PM calls on other governments to invest in LIAT
November 1, 2016
PM calls on other governments to invest in LIAT

The Chair of the shareholder governments of LIAT is not interested in there being a war between management and crew of the airline; what he wants is for other Caribbean governments to put equity into the airline.

Dr Ralph Gonsalves, in an interview with SEARCHLIGHT last week, made the assertion, while responding to allegations about the airline made by the Leeward Islands Airline Pilots Association (LIALPA) in a release issued on October 23.{{more}}

The pilots’ association had said, among other things, that LIAT was “woefully short of adequate crew to properly execute LIAT’s current flight schedule,” and that management had been asking the “skeletal remaining Crew to double their workload, and to work at maximum time with minimum rest.”

Gonsalves said if what the pilots were saying about being asked to work maximum time on minimum rest was true, that was indeed worrying and had not been drawn to the attention of the Board of Shareholders.

“The pilots are correct in saying that overwhelmingly they are hard-working, which I accept. But if the data are wrong about the extent of illness of pilots and cancellations due to that, that error would have come to us from the management, so the management would have to speak to that issue which is contested by the pilots,” Gonsalves said.

“What I am hoping is that in the new dispensation that we will have even better communication betwewen the pilots, and other crew and the management.”

LIAT’s acting CEO, Julie Reifer-Jones, in a release issued last week, however, maintained that the company has sufficient crew to operate the current schedule.

“The company currently employs 104 pilots and 76 cabin crew to fly a schedule which is based on a reduced fleet of 9 ATR’s. Our pilots fly an average of 42 hrs over a period of 28 days, well within regulatory requirements, and they are guaranteed payment for a minimum of 55 flight hours,” Reifer-Jones said.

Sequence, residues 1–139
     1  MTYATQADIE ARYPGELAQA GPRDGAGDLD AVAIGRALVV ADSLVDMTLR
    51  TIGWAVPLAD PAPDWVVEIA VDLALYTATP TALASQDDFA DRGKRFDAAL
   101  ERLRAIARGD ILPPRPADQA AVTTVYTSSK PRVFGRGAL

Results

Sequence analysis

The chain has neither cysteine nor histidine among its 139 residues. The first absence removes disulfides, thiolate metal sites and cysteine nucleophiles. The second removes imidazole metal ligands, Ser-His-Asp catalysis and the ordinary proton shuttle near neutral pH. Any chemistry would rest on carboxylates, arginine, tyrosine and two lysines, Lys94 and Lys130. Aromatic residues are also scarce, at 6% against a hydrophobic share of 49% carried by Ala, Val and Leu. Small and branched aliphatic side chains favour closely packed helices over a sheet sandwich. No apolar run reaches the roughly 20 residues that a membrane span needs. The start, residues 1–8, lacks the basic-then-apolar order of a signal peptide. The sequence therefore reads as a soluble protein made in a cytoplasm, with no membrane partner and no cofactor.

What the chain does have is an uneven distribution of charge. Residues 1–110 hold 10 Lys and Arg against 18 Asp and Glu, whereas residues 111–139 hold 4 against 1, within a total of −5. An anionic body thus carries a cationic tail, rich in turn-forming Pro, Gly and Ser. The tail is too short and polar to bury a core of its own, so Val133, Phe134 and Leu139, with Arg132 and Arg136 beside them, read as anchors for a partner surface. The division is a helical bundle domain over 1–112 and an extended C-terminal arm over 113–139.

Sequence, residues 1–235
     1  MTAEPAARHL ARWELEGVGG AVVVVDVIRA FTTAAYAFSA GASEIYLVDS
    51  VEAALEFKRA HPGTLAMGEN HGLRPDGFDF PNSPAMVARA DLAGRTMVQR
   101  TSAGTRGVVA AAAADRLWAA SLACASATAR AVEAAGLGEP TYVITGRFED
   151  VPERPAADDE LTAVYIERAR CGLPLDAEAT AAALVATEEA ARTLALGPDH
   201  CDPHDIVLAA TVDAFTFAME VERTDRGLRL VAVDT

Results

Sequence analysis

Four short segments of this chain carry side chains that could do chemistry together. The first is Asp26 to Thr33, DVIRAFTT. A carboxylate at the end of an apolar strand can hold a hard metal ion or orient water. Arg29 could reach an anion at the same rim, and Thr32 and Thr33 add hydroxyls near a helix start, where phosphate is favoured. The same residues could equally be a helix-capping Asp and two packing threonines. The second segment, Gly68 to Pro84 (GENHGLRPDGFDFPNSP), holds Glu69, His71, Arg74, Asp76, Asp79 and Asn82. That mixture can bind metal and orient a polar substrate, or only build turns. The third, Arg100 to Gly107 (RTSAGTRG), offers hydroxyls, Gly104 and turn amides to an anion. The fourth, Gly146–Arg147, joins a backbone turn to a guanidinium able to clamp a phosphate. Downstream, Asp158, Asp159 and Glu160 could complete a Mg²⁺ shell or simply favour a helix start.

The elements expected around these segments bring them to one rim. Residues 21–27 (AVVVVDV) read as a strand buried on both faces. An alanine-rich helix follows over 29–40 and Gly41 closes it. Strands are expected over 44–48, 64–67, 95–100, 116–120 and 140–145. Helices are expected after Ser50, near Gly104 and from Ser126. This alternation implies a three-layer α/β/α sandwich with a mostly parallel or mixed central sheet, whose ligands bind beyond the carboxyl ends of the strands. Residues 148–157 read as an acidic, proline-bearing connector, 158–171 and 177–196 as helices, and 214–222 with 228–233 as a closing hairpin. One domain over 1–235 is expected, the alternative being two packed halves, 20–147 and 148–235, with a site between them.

Gonsalves said the problem with LIAT is that the airline does not have sufficient resources to do what it needs to do.

“I have no interest in there being a war between management and pilots or management and any crew. What I want to see is the best run airline within the parameters which we have. One fundamental problem is that LIAT is trying to do a lot more than the assets which they have could reasonably provide, which is why they have to cut out some of the non-profitable routes. Other governments should bring money into the thing…,” he said.

He said LIAT needs more planes, more resources, but does not need any more loans. He called on the governments of other countries serviced by LIAT to put money up front into the airline. He said St Vincent and the Grenadines had paid $300,000 to the airline two weeks ago and before the end of the year another $300,000 would be contributed.

Antigua and Barbuda will be contributing $1.8 million and Barbados another $2.7 million. Dominica was not asked to contribute this time, because they were still recovering from the effects of a recent storm, Gonsalves said.

The Chair of Shareholders said he had personally asked the prime ministers of Grenada, St Lucia and St Kitts/Nevis to invest in the airline, to no avail.

“Yes, I personally asked them. The previous prime ministers and the current ones.”

He said as recently as last week, he had spoke to the prime minister of St Lucia about contributing money.